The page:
Just a few minutes ago, we talked about how one U.S. senator calls young unemployed men the real, quote, "weapons of mass destruction" and one could argue that the Paris kosher supermarket attacker was a textbook case of that -- young, poor, unemployed, in and out of jail.
Our Jim Bittermann talked to people who knew Amedy Coulibaly.
JIM BITTERMANN, CNN SENIOR INTERNATIONAL CORRESPONDENT (voice-over): In Paris, Amedy Coulibaly may go down in history as the religious extremist who died shooting it out with the anti-terror squad. But in the gritty Paris suburb of Grigny where he grew up, Coulibaly is remembered more as a local thug who spent most of his adult life behind bars.
In his early school photos obtained by France 2 television, he looked likable enough. But teachers said Coulibaly, the only boy in an immigrant family of 10 children was an ongoing discipline problem.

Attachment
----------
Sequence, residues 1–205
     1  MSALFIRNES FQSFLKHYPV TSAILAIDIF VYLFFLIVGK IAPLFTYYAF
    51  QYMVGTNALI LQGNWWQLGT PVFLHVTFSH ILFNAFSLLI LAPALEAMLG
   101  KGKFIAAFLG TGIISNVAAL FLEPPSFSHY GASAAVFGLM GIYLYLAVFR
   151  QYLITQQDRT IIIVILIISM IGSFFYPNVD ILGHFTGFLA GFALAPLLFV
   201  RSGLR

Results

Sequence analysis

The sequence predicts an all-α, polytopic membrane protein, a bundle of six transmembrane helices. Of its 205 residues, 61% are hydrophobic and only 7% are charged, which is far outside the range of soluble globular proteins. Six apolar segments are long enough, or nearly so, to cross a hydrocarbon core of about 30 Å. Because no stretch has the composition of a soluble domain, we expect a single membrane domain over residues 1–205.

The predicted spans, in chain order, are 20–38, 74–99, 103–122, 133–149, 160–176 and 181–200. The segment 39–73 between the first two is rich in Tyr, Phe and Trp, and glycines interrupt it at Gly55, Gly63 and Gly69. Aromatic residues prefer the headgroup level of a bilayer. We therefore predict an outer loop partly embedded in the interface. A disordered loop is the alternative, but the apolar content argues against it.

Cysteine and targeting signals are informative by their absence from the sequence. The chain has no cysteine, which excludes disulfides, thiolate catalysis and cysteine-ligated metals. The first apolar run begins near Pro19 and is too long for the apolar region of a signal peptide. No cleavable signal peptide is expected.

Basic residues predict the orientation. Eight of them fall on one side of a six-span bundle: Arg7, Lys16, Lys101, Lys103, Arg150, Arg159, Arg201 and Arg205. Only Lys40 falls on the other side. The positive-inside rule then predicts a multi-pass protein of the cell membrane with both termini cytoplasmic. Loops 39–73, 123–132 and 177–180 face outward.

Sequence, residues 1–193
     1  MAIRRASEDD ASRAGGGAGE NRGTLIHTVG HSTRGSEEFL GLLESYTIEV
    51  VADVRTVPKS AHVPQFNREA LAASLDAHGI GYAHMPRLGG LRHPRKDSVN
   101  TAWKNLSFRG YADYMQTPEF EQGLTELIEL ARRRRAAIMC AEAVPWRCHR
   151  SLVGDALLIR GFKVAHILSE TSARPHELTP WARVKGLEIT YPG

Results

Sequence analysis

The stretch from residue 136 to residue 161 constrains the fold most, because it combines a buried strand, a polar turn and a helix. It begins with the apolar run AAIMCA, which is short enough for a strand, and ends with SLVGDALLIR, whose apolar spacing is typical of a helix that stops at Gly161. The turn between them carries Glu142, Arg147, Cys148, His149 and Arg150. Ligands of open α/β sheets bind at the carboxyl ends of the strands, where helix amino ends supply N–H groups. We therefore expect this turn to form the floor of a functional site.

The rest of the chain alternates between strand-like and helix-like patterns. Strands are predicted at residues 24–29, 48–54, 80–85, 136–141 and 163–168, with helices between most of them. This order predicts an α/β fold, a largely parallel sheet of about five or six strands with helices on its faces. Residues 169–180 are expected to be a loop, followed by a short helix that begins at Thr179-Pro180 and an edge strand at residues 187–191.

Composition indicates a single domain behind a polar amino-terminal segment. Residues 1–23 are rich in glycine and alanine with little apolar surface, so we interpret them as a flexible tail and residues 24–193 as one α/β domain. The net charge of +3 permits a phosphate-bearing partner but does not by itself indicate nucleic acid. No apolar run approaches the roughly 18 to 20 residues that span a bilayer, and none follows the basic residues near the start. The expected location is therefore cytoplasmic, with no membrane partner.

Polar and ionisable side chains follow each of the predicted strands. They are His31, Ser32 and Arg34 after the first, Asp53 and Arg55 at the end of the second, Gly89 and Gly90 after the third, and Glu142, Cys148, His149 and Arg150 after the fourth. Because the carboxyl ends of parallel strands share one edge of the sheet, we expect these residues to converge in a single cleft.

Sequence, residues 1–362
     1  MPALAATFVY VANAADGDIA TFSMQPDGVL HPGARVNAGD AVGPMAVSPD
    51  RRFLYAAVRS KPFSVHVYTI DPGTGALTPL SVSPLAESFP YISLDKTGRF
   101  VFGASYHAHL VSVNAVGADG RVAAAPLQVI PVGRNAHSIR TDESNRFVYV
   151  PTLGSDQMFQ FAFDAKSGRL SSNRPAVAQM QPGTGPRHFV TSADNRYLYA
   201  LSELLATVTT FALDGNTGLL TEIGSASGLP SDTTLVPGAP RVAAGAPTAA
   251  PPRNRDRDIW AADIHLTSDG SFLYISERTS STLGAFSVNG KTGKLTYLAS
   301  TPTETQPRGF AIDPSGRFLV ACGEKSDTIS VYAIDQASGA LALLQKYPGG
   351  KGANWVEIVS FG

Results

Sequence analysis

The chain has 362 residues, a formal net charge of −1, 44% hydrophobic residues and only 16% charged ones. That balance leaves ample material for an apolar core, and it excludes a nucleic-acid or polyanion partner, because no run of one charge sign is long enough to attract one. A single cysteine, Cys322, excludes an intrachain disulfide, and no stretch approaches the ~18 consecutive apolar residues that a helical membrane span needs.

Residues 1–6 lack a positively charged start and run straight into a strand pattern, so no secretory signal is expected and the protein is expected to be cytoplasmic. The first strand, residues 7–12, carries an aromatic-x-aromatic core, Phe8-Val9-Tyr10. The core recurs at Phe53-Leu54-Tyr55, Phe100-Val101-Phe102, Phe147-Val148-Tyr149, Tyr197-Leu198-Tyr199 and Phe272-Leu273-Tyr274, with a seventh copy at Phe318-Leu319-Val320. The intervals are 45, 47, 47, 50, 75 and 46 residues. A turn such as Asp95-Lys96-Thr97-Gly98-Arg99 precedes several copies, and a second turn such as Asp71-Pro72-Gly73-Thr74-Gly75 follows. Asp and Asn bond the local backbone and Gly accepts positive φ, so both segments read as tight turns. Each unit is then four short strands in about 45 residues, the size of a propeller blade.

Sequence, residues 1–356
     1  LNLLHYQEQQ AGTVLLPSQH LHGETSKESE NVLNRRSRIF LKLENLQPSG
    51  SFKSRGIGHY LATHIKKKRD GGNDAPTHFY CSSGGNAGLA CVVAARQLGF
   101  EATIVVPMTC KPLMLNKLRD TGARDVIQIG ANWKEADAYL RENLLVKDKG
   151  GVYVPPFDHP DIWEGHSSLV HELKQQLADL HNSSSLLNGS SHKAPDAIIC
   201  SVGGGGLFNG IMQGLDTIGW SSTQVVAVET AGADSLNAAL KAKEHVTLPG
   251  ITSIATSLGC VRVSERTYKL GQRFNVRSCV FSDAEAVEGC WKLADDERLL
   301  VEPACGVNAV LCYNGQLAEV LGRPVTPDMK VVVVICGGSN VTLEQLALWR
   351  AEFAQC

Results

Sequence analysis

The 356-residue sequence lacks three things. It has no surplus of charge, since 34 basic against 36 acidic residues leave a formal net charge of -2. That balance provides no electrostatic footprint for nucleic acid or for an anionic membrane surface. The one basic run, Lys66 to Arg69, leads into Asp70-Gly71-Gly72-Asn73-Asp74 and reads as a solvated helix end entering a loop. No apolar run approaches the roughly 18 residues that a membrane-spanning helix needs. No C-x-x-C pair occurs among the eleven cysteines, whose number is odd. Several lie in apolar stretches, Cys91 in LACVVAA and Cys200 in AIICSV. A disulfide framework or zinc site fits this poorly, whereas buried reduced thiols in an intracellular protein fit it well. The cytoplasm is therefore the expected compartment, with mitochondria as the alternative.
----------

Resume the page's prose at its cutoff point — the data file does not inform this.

(on camera): It was in his high school years that Coulibaly first got into trouble. In the end, he'd be arrested five times for armed robbery and once for dealing in drugs.
(voice-over): A lawyer who defended one of his accomplices believes Coulibaly changed from small crimes to harden criminal when a motorcycle theft turned deadly and police shot one of his best friends.
PIERRE MAIRAT, LAWYER (through translator): This was a traumatic event when he lost his friend. He too could have died because a bullet could have easily hit him.
BITTERMANN: Coulibaly who spent most of his adult life behind bars was in and out of the sprawling and overcrowded national prison located coincidentally in his hometown. According to a journalist, he himself made this video of life inside the prison. He seemed like a leader, she said, behind bars.
AGNES VAHRAMIAN, FRANCE 2 JOURNALIST (through translator): He was an intelligent boy, one of the tough ones. He was actually very at ease in prison. He was dominant and very much in charge. It was his second home, really.